My banner is almost done. Will you join me?

More information on the June 20th celebration as well as how to make a simple banner (and where to deliver it) is available at

Monday, June 6, 2011


We built a Church my second year in Malawi. I was twenty-one years old, Catholic, not a missionary. But my volunteer teaching contract had already exposed me to more pain, more joy, and more eye-opening, soul-expanding experience than I had bargained for. With no television, computer, telephone, video games or anything else to tempt and distract me away from real encounters with poverty, friendship, celebration and, well, God, I needed worship.

The nearest Catholic Church was a four kilometer walk across maize fields and woods. Services were in Chichewa, the local language, but my visits caused such a stir that I dreaded them. It’s not that people weren’t kind and welcoming – they were, in more ways than I could handle – to such an extent that I felt put on display and found it hard to settle into the kind of contemplative meditation that I treasure in the Catholic Mass. I was the only non-Malawian present, a clear outsider, and people fell over themselves to make sure I was comfortable, obliging me to sit on a scavenged chair in the center of the ramshackle building, checking on my well-being, smiling and watching me for the entire mass. Protests went unheard. Throughout the service, people craned around, children stared and pointed, and I felt I had ruined the celebration for everyone.

Had I been older, I might have stayed with that Church and rode out the novelty until people accepted that I was just another parishioner. But I was already doing that at my school, and I craved a place to worship where I wouldn’t be such an outsider.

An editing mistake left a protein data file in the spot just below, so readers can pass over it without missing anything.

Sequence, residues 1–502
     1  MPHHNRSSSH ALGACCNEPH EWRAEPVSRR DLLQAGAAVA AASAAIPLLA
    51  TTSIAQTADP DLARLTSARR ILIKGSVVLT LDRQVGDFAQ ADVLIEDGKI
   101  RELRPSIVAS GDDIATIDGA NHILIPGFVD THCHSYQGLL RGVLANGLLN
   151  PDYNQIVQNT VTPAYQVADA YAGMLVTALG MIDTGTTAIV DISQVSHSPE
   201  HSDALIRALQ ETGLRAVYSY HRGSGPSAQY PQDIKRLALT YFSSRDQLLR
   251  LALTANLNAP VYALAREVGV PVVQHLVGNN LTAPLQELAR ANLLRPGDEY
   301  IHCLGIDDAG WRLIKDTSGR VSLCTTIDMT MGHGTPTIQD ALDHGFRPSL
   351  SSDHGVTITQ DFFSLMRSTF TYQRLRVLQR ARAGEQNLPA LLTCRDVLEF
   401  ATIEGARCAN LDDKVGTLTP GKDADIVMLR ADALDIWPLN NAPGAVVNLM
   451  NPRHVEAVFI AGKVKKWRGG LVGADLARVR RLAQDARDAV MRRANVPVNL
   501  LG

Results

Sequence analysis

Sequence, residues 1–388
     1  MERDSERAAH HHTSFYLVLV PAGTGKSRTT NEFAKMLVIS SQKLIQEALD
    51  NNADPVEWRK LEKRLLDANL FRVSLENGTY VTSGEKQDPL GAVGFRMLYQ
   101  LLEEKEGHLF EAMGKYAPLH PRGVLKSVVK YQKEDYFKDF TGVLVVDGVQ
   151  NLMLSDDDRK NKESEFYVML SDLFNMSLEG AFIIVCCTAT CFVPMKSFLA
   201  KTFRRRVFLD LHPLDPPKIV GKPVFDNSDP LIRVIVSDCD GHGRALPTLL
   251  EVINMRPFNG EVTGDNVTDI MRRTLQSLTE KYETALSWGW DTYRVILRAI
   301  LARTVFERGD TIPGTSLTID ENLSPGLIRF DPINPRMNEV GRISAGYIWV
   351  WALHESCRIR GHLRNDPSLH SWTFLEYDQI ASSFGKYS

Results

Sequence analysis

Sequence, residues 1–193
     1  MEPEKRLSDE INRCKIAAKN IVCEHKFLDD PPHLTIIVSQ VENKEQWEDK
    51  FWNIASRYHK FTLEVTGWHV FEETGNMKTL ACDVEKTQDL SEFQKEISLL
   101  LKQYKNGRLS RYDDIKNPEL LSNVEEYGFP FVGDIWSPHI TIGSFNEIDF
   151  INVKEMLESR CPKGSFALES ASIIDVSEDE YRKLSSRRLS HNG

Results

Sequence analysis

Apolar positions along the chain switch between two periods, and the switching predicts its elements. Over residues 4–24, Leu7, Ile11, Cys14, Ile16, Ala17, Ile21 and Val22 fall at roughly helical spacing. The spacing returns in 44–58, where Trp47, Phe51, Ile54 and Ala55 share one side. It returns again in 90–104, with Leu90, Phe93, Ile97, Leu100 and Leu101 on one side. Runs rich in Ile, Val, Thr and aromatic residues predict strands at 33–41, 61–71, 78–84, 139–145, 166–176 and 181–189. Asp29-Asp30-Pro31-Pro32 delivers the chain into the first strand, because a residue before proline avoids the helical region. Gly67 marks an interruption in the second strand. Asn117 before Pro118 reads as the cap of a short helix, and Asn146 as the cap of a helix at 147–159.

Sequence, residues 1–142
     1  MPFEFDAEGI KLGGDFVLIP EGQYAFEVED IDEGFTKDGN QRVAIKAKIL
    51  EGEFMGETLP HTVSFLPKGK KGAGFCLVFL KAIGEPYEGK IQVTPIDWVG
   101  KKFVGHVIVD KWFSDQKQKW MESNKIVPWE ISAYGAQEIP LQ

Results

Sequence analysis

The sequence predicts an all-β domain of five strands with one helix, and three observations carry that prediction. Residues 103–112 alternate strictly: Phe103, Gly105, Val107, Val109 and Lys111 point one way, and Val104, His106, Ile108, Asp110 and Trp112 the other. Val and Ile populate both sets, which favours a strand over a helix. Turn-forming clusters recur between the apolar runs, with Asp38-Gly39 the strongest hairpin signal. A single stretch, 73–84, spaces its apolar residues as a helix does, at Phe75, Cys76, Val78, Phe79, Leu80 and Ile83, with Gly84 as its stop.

My roommate, also a Christian but not Catholic, suggested we try a new Church she’d heard about in the capital city Lilongwe. We had motorbikes so the 25 km ride would be manageable. The congregation was meeting in a rented room, and she had heard that it included Malawians and expatriates. She assured me that, although it was nominally Baptist, there were attendees from all different Christian backgrounds.
We rode in with some trepidation on our first Sunday, dust flying behind us, signaling our need for prayer and community. Sure enough the congregation was welcoming and diverse, and still majority Malawian. I had never attended a Baptist service before, but enjoyed the music, prayer and sense of common reaching for God. The congregation had raised enough money for a Church building, and ground was just being broken.

Over the course of the next few months, we continued to worship, plan and build. I contributed little I admit, having no expertise in building, and no knowledge of the needs of a Church. I helped clear debris, and assisted with planting when the time came. Funding was provided by generous donors from the States. But all ideas were welcomed, including mine. I would still attend the Catholic Church from time to time – the mass had meaning for me, and I missed it. But I considered the Baptist Church my home.

The Church took shape rapidly, but what truly left an imprint on me, was the coming together of all these people from different nations and faiths, with a common desire for worship and community. Many of us were from different denominations, and this enterprise required understanding, listening, patience and tolerance. It worked.
I didn’t agree with all the theologies I heard. No doubt many people disagreed with me too. But we didn’t stop conversing.

As we approach Pentecost, I’m reminded of those days of sharing. After that experience, I found myself seeking out other denominations, and taking the time to listen and learn. There are hidden truths in each of our churches, clarity of vision, a commonality of purpose that we need to remember.

On the day of Pentecost, when the Holy Spirit descended on the apostles and Mary, they burst forth in conversation, in desire for community, for building the kingdom of God beyond denominations, beyond languages, beyond barriers of all kinds. The Holy Spirit still calls us to this, to build a Church for all, embracing difference, invoking Christ.